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House of Stone reflects on 'true' Gukurahundi events

by Butholezwe Kgosi Nyathi
23 Dec 2018 at 10:19hrs | Views
THIRTY-ONE years since the signing of the Unity Accord, Gukurahundi remains unresolved, highly divisive and emotive - a scar on the conscience of the nation.

Post-November 2017 when Zimbabwe underwent a military-assisted transition, public discourse on Gukurahundi has heightened. Demands for truthtelling, healing and reconciliation have grown louder in civic and political spaces, social media and among traditional leaders.

It is in this context that Novuyo Rosa Tshuma's maiden novel, House of Stone, has been ushered into the local literary realm. It would, however, be reductionist to frame the novel as a solitary Gukurahundi tale. Other sub-themes include racism, corruption, bad governance and economic decay.

A story on Gukurahundi can easily produce a drab novel, an angry narration that can be emotionally draining. Gukurahundi is neither a fun subject matter nor its truthfulness optics. The subject demands the best of creative expression, something Tshuma does with commendable command and originality in storytelling.

The writer belongs to the post-independence generation and Gukurahundi is not a direct lived experience. The writer is bold in tackling this contested subject matter. The Gukurahundi story is told through the eyes of protagonist Zamani, a product of rape, his mother having been raped by a character called Black Jesus. The effects of Gukurahundi on a molecular unit such as the family are exposed. As a product of rape, Zamani grows up with no parents and all his devious actions are informed by a desire for belonging, a quest for fatherly love and understanding of his patrilineage. Zamani is on a mission and puts together redemptive chronicles which drive the storyline. Zamani epitomises the various manifestations of legacies of Gukurahundi violence; he is a reincarnation of his evil father.

The candidness of the novel is laid bare when the writer envisages a commission of inquiry where characters such as Black Jesus, The Crocodile, General Bae and others are brought to justice. Many previous fiction works have been shying to call Gukurahundi by name, let alone call out the "perpetrators".

By tackling the genocide in clear and unequivocal terms, the writer represents a new generation of writers who are using literature to keep Gukurahundi perpetually on the national agenda.

Spanning three distinct epochs - pre-colonial, colonial and post-colonial Zimbabwe - the novel vividly depicts how the past shapes the present and future. A Mthwakazi movement derives its inspiration from Queen Lozikeyi Dlodlo, an unsung Ndebele royal woman and one of King Lobengula's senior wives who provided military leadership to the Ndebele state following the disappearance of King Lobengula. It is laudable that the writer weaves into the novel the problematic issue of skewed narration of Zimbabwe's liberation heritage, which is also characterised by revisionism for purposes of political expediency.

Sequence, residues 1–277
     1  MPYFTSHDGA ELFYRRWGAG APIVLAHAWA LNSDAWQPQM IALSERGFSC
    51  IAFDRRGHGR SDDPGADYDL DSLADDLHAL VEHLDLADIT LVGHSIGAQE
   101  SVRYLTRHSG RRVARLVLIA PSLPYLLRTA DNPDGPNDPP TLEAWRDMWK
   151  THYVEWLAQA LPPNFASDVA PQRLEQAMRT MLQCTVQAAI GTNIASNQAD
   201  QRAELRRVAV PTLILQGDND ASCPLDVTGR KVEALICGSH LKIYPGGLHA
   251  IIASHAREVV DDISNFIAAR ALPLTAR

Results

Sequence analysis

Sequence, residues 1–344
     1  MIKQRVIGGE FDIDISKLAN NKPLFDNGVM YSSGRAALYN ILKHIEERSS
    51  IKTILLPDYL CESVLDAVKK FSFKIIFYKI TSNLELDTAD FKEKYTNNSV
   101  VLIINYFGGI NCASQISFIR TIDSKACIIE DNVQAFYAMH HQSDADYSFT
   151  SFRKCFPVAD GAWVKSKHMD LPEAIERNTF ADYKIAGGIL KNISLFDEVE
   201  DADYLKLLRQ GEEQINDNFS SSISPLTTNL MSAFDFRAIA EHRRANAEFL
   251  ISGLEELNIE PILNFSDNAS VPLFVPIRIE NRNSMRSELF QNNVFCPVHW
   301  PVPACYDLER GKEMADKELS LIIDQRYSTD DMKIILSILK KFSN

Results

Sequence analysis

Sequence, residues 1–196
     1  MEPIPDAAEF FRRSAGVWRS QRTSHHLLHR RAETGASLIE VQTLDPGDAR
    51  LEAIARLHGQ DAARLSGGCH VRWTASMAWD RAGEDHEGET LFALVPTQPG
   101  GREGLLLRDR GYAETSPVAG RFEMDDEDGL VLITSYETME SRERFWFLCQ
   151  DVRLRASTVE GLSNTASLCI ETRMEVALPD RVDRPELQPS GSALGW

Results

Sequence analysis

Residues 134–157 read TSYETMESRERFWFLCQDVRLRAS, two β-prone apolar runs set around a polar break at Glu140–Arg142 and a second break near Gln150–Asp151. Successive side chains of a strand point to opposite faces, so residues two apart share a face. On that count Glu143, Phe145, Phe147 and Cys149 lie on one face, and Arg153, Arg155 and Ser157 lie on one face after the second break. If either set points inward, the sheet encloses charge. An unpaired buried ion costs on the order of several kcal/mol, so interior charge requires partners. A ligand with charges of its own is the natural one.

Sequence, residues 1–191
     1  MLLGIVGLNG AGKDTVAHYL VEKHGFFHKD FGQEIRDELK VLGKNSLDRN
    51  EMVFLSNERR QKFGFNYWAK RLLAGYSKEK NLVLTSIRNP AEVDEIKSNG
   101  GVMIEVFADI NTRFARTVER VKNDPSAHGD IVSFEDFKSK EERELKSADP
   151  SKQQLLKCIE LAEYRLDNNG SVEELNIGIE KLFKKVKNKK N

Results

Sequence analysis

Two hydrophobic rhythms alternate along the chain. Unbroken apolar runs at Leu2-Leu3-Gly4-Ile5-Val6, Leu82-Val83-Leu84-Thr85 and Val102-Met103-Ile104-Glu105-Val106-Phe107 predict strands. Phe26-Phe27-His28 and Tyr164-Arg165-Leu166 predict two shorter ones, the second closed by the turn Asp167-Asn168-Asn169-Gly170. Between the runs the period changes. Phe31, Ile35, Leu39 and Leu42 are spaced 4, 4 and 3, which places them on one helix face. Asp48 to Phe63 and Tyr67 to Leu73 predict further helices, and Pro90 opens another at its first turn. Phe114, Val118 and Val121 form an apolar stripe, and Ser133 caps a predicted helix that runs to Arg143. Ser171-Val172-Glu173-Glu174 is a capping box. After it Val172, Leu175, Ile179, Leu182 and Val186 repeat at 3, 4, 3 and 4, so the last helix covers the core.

The writer impressively indigenises the English language. Ndebele thoughts are directly translated into English. Ndebele words and expressions are in many instances not italicised and explained, except for deduced meaning, depicting a writer with a clear target audience in mind and is not apologetic to express her linguistic freedom.

The novel also comes across as an assertive feministic intervention. It is Thandi who best depicts this attribute; she is an urban girl, intelligent and falls in love with Abednigo, a rural boy. Thandi sets the pace of the relationship and determines when and how they make love, disrupting the patriarchal order. It is, however, telling that when Thandi falls pregnant, she suddenly blames Abednigo, exposing the fragilities of the feminist movement.

The novel, while dealing with a sensitive subject, has a significant tinge of humour. This makes reading it an enjoyable experience.

I loved the suspense in the novel; it keeps you hooked, with fascinating twists adding to the flair. And before you know it, you have devoured 374 pages.

Like any worthwhile work of literature ought to do in terms of asking pertinent questions, the writer ponders on what needs to be done to address "lack of confidence and belief" among Matabeleland indigenes following the genocide and the marginalisation that has morphed into different manifestations since the Unity Accord of December 22 1987.

The writer is the elaborate type. It is no coincidence that the novel is a comparatively thick volume. In what is a minor point in an excellent body of work, the elaborateness in some instances overlaps into repetition of content.

Through House of Stone, Tshuma has put together a compelling fiction account which, however, reflects on true historical events in Zimbabwe. A job very well done for a first novel.

Butholezwe Kgosi Nyathi is cultural manager at Amagugu International Heritage Centre. He writes is his personal capacity. E-mail:

Source - the standard